In the renewable sector, solar power in particular offers great promise. India receives per year some 5 million TwH of solar energy, compared to 938 TwH of total electricity consumption in 2014. The US has already achieved a levelized tariff of 4 cents (Rs 2.6) per kWH for solar power, which could make it competitive in India. Solar power can be generated in a decentralized mode, requiring less investment in transmission and distribution systems. There is rapid advance in technology in the direction of making photovoltaic cells more efficient and cheaper to manufacture. Tapping solar power in a big way would create jobs, skills and boost economic development, besides strengthening energy security, price stability, and access to energy for all. It would be a boon for the rural sector and scattered communities.
Besides solar power, wind energy and hydro power especially from the Northeast and Bhutan offer much promise. These sources are actually derived from solar energy. India has already added considerable wind energy capacity of 23 GW and can add more in future.
It follows that any Indian approach to clean power will have to provide incentives for renewable energy. Incentives could be in the form of carbon credits, higher feed in tariffs, better tax and depreciation regimes, lower cost credit, etc. A vast untapped capacity exists in the area of small solar power at household level. To unlock this resource, a smart grid using net metering combined with incentives will be needed.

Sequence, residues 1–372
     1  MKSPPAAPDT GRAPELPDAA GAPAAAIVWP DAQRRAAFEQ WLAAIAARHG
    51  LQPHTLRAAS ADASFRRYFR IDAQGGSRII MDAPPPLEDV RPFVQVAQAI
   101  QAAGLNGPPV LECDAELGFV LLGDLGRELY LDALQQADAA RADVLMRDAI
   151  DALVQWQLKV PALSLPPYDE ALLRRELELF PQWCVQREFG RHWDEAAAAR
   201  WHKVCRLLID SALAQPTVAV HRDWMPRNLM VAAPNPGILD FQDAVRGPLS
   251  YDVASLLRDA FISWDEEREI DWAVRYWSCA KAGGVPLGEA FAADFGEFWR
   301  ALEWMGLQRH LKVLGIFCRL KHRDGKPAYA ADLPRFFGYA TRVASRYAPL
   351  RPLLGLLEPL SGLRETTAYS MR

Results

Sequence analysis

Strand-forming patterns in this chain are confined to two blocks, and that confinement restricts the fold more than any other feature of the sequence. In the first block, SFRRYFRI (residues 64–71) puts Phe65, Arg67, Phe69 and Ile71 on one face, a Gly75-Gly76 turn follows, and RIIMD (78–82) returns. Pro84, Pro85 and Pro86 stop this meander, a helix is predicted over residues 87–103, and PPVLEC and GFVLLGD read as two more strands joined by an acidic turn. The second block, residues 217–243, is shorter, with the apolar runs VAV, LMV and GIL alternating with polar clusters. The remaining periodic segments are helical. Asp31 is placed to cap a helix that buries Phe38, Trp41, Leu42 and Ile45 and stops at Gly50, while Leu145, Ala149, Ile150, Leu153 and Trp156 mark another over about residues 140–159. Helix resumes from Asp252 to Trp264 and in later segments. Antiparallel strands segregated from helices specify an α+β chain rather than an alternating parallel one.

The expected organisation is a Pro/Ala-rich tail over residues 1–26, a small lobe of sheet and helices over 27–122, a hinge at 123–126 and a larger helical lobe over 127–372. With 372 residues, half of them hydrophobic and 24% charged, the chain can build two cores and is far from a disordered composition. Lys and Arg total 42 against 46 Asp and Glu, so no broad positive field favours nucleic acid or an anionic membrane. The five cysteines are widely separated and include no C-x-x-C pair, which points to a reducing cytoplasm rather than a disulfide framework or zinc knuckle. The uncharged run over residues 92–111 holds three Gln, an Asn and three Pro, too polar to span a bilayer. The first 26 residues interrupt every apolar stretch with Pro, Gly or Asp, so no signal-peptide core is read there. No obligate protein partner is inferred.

Under an approach similar to the Obama plan, Indian states could go ahead with any or all measures to tap renewable energy in a large way. Many forms of energy such as coal, oil, gas, hydro, and wind are actually derived from solar energy. So why not go to the root and tap it ? This could strengthen India’s economy and also meet international commitments to improve energy intensity in GDP.
(Dr. Bhaskar Balakrishnan is a former ambassador of India and a specialises in energy related issues)